For the past couple of years, the momentum in music has been teetering towards the country north of the border. With Canada’s onslaught on the mainstream scene orchestrated by Drake, The Weeknd and Justin Bieber, one promising star is hoping to help his Canadian brothers keep the charts hostage as well. Enter 32-year-old, Ahmad Balshe, better known as Belly.
In 2015, Belly notched a deal with Roc Nation after releasing his mixtape Up for Days. His lauded project featured several prominent acts including Travis Scott and French Montana, and his partner-in-crime, The Weeknd (Belly also has close ties to the singer’s XO label).
It was also Belly’s penchant for songwriting that propelled him into notoriety. He landed six writing credits on The Weeknd’s ultra-successful album, Beauty and The Madness. He upped the ante and co-wrote Beyonce’s “6 Inch” for her 2016 effort Lemonade.
Hungry to prove that his artistry was as equally comparable to his songwriting prowess, he released his mixtape Another Day in Paradise in May. By nabbing Lil Wayne for his hypnotic banger “Barely Sober” and Travis Scott for his slow-churning track “Money Go,” Belly began leveling the playing field on his career. Less than five months later, Belly doubled down on his efforts and swung for the fences by dropping another mixtape titled InZombia, for which he nabbed Future, Young Thug, Ty Dolla $ign, and Jadakiss.
This past weekend, the Canadian upstart kept his hustle going as he shot the video for his drug-laden record “Trap Phone” in the heart of the Bronx, New York. Decked out in a vintage white Tommy Hilfiger jacket, Belly echoed the swagger of his counterpart Jadakiss, who was drenched in gold chains, as they drove around the city in a minty white BMW. Billboard spoke to Belly about landing his dream collaboration with Jadakiss, balancing songwriting and being an artist, and also, his thoughts on Donald Trump’s upcoming presidency.
How did “Trap Phone” come together with you and Jadakiss?
It was a record that I was already working on for InZombia. For me, it felt like I already heard him on it, you know? I reached out to him through somebody mutual and man, he’s one of the realest, for real. He’s probably the realest with just the way he approached the whole situation. I ain’t know that he was even up on my s–t so that was like exciting to know that somebody I’ve been a fan of my whole life was up on what I was doing and was supportive of everything that I was doing. That s–t blew me away.
It must have been a dope experience for you hearing his verse on your track the first time you heard it.
Oh, man! I laughed for like the next week every time I heard the song. I’d just laugh to myself. It was to the point I was doing listening sessions and people be looking at me like, “You’re really excited about this Jada verse.” I’m like, “Hell yeah!” Ever since I was young, he’s one of the ones that definitely sharpened my sword in terms of lyricism, bars, and just all around what he’s brought to the culture.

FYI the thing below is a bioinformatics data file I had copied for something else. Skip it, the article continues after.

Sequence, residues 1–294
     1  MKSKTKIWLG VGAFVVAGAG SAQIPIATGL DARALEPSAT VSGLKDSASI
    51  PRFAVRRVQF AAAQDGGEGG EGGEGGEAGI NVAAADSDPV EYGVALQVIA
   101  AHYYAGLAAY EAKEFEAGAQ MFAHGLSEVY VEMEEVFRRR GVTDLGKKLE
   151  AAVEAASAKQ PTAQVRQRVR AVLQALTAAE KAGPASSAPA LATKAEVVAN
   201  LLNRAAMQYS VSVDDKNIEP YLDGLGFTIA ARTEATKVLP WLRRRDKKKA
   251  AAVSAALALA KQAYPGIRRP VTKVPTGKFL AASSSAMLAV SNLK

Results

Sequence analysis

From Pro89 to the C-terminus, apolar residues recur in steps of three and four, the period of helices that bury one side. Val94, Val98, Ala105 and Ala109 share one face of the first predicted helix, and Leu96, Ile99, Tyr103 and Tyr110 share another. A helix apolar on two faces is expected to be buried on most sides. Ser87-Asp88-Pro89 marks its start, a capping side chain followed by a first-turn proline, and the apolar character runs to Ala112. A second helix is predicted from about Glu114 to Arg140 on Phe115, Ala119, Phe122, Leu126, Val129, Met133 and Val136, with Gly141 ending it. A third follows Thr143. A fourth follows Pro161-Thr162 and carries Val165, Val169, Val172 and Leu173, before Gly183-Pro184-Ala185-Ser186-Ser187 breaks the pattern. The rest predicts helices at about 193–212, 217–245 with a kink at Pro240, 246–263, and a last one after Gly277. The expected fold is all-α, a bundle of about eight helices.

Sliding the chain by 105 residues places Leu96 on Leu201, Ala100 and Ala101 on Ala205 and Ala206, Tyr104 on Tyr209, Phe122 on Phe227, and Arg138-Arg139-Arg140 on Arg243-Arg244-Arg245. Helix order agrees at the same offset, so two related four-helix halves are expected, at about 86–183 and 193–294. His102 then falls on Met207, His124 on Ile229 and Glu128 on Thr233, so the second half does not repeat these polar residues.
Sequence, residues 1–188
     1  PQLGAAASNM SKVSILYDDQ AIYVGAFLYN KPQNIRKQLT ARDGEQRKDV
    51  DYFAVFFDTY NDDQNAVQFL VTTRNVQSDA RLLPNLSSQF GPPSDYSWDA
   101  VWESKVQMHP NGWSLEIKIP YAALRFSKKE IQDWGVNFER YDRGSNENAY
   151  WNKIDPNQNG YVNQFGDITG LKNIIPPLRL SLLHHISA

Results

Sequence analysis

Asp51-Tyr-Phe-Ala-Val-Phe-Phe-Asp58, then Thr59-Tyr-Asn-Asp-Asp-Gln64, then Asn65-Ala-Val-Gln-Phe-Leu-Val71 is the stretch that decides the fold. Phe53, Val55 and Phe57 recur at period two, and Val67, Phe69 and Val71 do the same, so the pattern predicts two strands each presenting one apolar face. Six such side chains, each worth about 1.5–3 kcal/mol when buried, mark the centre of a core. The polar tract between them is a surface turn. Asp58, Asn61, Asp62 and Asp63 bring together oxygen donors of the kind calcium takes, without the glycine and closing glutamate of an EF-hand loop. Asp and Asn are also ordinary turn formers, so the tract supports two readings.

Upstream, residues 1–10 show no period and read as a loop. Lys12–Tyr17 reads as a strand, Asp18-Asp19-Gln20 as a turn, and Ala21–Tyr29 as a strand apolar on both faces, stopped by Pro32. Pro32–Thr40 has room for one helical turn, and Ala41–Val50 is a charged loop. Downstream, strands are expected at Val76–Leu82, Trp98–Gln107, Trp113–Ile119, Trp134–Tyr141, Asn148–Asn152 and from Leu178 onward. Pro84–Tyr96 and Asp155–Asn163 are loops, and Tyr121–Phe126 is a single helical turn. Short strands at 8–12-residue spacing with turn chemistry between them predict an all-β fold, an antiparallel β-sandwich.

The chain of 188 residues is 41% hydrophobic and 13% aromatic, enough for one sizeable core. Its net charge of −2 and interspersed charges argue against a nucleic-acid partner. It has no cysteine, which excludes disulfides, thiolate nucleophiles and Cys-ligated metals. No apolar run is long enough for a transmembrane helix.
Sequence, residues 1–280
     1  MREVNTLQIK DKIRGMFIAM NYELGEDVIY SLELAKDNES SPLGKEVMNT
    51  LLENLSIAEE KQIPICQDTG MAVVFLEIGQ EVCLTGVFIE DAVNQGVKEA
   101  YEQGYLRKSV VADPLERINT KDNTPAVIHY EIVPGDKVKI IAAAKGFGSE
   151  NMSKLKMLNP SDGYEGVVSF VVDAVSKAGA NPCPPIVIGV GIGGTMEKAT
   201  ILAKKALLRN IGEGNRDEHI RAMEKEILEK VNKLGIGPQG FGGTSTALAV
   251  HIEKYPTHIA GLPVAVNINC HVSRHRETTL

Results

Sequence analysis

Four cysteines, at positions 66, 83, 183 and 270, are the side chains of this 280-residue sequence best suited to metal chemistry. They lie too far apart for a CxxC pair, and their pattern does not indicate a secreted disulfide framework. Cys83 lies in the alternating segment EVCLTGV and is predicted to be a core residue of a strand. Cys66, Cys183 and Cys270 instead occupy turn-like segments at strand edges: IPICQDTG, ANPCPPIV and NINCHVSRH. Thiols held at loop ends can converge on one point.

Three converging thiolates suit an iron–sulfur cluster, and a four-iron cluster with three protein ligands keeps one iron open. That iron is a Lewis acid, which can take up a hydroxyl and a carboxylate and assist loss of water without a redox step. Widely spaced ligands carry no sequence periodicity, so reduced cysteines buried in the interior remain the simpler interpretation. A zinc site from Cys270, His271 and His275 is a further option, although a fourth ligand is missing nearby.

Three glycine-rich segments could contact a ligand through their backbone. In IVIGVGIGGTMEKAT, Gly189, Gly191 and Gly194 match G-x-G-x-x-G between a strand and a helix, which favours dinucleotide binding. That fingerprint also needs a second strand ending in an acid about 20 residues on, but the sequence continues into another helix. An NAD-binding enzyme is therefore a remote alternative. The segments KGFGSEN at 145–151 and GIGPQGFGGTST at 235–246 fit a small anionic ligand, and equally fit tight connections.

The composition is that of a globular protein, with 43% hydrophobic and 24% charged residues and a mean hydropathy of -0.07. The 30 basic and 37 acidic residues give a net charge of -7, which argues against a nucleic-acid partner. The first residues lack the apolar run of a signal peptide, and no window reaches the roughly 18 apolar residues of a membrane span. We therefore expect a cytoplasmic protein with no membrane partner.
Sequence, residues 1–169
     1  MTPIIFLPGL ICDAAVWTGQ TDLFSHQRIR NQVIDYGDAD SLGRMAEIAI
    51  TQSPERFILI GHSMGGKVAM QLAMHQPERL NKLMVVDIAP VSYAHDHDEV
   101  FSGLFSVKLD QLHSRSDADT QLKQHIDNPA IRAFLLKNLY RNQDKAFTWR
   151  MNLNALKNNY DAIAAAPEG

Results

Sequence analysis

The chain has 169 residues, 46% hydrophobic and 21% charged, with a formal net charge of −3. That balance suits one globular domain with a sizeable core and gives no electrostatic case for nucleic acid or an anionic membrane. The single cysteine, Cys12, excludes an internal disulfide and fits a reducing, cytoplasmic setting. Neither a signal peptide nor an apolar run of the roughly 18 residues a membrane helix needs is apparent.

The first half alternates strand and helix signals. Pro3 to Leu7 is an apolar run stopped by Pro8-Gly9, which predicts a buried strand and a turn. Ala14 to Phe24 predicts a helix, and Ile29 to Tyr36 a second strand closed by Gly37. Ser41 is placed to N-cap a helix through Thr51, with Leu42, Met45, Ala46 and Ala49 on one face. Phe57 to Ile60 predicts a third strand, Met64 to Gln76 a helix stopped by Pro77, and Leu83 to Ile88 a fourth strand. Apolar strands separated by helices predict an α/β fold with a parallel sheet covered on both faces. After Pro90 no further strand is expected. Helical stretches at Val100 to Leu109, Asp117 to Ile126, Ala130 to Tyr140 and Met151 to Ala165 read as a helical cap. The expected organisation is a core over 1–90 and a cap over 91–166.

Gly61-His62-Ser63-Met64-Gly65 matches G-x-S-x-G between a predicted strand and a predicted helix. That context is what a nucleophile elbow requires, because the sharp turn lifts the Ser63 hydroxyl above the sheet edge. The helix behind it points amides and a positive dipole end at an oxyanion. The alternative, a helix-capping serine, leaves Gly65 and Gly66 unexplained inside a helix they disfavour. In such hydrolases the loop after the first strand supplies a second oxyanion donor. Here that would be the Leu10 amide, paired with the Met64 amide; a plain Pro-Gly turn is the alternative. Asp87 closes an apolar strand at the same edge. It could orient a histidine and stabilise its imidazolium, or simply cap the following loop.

You’re talented not only as an artist but also a songwriter as well, having written for Beyoncé and The Weeknd. Which do you prefer doing more: songwriting or being an artist?
I mean for me, I can’t really say I differentiate ‘cause when I go into the studio to make music, I just make music. Sometimes, it just ends up with me, and sometimes it doesn’t. I think for me, both of them are just important. I love both of them the same because they both have brought so much to me. My songwriting has brought so much to me as an artist and my ability that I have as an artist has brought so much to my songwriting that they live off each other. Without one, the other one dies.
You have a great crop of artists featured on InZombia including Future, Ty Dolla $ign, and of course, Jada. Which feature blew you the way the most and why?
Man, you’re on set right now. [Laughs] Shout out to all the homies, man. You know, I vibe with all those guys. They’re all actual friends of mine. They all keep it so real with me all the time. Jadakiss was like a lifelong dream. It felt good to be out here. Got the 90s whips out. The vintage Tommy [Hilfiger jacket]. We really just wanted to capture the vibe and just bring it back.
Where is the creativity coming from? This is your second mixtape in just a matter of months.
I’m a humble dude, man, but when it comes to this music, it’s about holding stuff back. It’s not about releasing [everything]. I could release 10 [mixtapes]. Again, I’m not being cocky. I live in that studio. I make music when they party. I make music when they go on romantic trips and on vacations. I’m working. That’s what I do. This really has all my attention all the time. I think because of that, I’ve been able to just stack up. I have an artillery. I have 2017 already figured out so 2018? We’ll start figuring that out soon.
Everybody has been chiming in on Donald Trump winning the election. What were your initial thoughts about him becoming the next president of the United States?
I can’t say that I was shocked. I can’t say that I was surprised or anything like that. I was definitely disappointed. But again, it was somebody that gave a voice to a bunch of people that went into hiding because when things were politically correct, I think America was in a good place. A lot of people [who supported Trump] went into hiding and felt like they couldn’t be comfortable. Now, a lot of them are out. They’re probably the ones that won him that campaign. But, at the same time, seeing everybody come together on our side since he won has been a beautiful thing. It united so many of us. There’s a silver lining, sometimes — or the orange lining. [Laughs] You gotta look at the orange lining in that situation.